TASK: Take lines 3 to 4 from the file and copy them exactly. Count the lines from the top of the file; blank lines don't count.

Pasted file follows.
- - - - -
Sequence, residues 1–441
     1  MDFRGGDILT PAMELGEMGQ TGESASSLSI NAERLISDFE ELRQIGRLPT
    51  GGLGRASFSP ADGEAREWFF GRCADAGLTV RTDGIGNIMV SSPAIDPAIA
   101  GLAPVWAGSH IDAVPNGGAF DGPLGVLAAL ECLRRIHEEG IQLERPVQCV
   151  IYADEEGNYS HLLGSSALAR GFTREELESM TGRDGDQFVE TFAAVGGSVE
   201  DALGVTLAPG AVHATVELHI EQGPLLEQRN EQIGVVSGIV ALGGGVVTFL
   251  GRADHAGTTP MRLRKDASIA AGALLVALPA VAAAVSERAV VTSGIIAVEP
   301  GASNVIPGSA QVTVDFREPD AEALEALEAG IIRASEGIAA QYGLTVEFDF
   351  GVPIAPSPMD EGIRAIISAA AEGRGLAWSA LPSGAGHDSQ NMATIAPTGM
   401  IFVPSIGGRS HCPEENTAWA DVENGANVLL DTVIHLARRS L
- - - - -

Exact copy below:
    51  GGLGRASFSP ADGEAREWFF GRCADAGLTV RTDGIGNIMV SSPAIDPAIA
   101  GLAPVWAGSH IDAVPNGGAF DGPLGVLAAL ECLRRIHEEG IQLERPVQCV